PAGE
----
Kenyan Conseslus Kipruto‘s unorthodox brand of training for an unorthodox event is coming in handy during the coronavirus pandemic.
Kipruto, the Olympic and world 3000m steeplechase champion, doesn’t train with a steeplechase barrier or a water pit, even during normal times.
Now at home, he set up what appear to be furniture cushions to hurdle. And a mostly drained pool to mimic the water jump, shown in a BBC video.
Kipruto, a 25-year-old raised with four siblings by a single mom, reportedly built the backyard pool to aqua jog while recovering from a stress fracture in his left foot last year.
He was known to do his regular training in Mosoriot not on a track, but a grass field where dirt lanes have been carved out by foot tread of thousands of laps.
Kipruto is the latest king from a Kenyan steeple dynasty, but his origin story may be one of a kind. After playing soccer growing up, he tried track at the urging of his uncle Cleophus. As a 1500m runner, he missed making a two-man team by placing third at a county championships. The trials didn’t include a steeple for lack of barriers, so they asked for volunteers.
“I was the first to put my hand up because I was keen to compete at that next level,” Kipruto said in 2018, according to World Athletics. “Even though I ran barefoot and I had never jumped a steeplechase barrier, I won my very first steeplechase race.”
If Serena Williams is to win a record-tying 24th Grand Slam singles title at the French Open, she may have to go through her older sister in the fourth round.
Williams, the sixth seed, could play Venus Williams in the round of 16 at Roland Garros, which begins Sunday.
Serena opens against countrywoman Kristie Ahn, whom she beat in the first round at the U.S. Open. Serena could then get her U.S. Open quarterfinal opponent, fellow mom Tsvetana Pironkova of Bulgaria, in the second round.
If Venus is to reach the fourth round, she must potentially get past U.S. Open runner-up Victoria Azarenka in the second round. Azarenka beat Serena in the U.S. Open semifinals, ending the American’s latest bid to tie Margaret Court‘s major titles record.
Venus lost in the French Open first round the last two years.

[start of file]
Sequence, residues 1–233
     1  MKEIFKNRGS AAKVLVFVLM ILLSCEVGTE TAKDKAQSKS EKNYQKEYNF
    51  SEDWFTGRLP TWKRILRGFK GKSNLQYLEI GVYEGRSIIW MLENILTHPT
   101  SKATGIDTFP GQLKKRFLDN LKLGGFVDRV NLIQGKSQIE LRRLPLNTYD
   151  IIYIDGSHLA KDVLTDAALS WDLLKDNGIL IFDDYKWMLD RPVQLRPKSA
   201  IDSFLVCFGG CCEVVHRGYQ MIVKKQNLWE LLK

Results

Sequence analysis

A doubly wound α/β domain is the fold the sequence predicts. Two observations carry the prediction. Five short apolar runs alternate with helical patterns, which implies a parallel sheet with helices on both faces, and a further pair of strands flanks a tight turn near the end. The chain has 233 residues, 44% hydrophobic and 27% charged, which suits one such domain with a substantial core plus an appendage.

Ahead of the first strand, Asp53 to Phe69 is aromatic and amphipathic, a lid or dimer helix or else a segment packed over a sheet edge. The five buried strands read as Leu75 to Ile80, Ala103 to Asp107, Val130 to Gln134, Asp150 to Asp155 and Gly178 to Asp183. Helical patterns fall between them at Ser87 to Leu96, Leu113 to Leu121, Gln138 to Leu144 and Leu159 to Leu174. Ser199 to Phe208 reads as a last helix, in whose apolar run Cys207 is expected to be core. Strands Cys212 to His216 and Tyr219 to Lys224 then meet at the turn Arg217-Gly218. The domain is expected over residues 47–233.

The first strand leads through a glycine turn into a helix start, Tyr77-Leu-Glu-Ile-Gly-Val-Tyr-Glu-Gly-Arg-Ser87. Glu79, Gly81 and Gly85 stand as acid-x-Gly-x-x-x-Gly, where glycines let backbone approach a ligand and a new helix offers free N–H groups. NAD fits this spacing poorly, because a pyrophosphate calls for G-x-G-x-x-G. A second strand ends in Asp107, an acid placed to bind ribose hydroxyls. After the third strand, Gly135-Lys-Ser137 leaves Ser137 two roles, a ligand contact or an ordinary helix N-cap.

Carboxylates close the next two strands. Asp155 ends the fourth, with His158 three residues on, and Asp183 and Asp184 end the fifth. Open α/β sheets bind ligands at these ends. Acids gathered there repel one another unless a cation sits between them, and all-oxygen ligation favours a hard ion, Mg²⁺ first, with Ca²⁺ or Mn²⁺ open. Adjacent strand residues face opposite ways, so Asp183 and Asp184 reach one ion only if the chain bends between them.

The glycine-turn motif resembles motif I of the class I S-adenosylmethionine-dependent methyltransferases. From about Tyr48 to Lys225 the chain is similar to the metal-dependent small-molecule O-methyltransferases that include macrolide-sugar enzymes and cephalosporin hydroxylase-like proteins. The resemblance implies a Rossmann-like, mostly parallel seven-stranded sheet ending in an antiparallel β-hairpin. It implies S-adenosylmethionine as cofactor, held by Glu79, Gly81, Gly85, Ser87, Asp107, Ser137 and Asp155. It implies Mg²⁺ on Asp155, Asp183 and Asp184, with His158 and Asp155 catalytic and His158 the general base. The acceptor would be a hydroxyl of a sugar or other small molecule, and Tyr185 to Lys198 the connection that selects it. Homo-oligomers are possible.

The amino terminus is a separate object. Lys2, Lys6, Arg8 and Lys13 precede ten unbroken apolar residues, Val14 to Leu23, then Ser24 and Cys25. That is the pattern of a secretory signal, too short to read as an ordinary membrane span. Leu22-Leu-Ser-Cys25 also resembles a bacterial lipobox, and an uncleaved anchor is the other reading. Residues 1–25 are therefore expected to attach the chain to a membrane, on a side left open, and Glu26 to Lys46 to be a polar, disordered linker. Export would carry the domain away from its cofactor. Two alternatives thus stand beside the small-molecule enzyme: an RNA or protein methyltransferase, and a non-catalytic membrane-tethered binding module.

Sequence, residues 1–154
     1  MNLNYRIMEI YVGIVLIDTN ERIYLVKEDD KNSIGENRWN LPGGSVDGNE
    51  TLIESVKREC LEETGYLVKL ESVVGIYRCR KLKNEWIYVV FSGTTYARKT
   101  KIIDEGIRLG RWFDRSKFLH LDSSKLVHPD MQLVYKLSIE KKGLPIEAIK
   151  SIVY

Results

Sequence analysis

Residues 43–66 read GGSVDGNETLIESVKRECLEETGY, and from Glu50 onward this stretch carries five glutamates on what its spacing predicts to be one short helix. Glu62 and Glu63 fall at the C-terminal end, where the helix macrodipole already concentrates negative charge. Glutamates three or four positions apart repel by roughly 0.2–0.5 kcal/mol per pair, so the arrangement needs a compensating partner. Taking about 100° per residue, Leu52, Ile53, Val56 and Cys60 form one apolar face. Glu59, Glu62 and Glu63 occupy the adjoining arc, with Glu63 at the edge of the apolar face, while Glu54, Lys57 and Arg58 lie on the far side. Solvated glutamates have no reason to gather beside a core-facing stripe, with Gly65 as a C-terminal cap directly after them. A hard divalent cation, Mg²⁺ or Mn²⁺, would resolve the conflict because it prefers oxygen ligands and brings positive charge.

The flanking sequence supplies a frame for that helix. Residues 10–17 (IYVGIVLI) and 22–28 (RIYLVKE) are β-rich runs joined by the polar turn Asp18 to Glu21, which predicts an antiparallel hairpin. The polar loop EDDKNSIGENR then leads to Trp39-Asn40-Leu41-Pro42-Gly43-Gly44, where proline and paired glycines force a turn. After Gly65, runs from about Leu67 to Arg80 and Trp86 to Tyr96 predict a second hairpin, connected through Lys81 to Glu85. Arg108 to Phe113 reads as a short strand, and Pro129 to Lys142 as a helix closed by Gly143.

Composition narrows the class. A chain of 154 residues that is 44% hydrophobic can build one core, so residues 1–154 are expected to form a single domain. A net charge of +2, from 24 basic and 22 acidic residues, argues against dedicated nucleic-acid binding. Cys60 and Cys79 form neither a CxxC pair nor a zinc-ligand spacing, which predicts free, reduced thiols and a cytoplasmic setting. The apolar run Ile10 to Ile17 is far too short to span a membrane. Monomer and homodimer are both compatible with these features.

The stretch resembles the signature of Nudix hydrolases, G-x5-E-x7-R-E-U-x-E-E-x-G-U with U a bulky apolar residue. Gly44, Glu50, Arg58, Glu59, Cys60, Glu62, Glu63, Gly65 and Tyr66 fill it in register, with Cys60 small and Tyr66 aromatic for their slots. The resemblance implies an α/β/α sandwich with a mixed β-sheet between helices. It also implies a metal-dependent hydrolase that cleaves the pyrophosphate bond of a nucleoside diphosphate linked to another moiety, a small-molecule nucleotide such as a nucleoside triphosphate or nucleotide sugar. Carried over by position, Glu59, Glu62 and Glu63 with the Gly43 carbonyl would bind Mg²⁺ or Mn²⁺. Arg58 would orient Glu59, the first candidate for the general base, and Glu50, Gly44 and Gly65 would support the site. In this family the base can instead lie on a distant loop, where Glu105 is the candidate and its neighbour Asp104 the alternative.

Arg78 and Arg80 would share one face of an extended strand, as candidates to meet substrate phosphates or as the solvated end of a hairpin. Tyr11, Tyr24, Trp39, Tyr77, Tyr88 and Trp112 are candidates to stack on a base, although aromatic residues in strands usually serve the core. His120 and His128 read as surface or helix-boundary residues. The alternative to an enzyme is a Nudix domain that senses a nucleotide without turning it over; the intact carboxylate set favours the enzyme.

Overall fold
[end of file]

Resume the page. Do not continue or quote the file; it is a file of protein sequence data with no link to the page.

The French Open top seed is 2018 champion Simona Halep, who could play 2019 semifinalist Amanda Anisimova in the third round.
Coco Gauff, the rising 16-year-old American, gets 2019 semifinalist Jo Konta of Great Britain in the first round in the same quarter of the draw as Halep.
The field lacks defending champion Ash Barty of Australia, not traveling due to the coronavirus pandemic.
Also out: U.S. Open winner Naomi Osaka, citing a sore hamstring and tight turnaround from prevailing in New York two weeks ago.
Rafael Nadal was put into the same half of the French Open draw as fellow 2018 and 2019 finalist Dominic Thiem of Austria, with top-ranked Novak Djokovic catching a break.
Nadal, trying to tie Roger Federer‘s male record 20 Grand Slam singles titles, could play sixth-seeded German Alexander Zverev in the quarterfinals before a potential clash with Thiem, who just won the U.S. Open.
Djokovic, who is undefeated in 2020 save being defaulted out of the U.S. Open, could play No. 7 seed Matteo Berrettini of Italy in the quarterfinals before a possible semifinal with Russian Daniil Medvedev.
Medvedev is the fourth seed but is 0-3 at the French Open. Another possible Djokovic semifinal opponent is fifth seed Stefanos Tsitsipas of Greece, who reached the fourth round last year.
The most anticipated first-round matchup is between three-time major champion Andy Murray and 2015 French Open champion Stan Wawrinka. In Murray’s most recent French Open match, he lost in five sets to Wawrinka in the 2017 semifinals.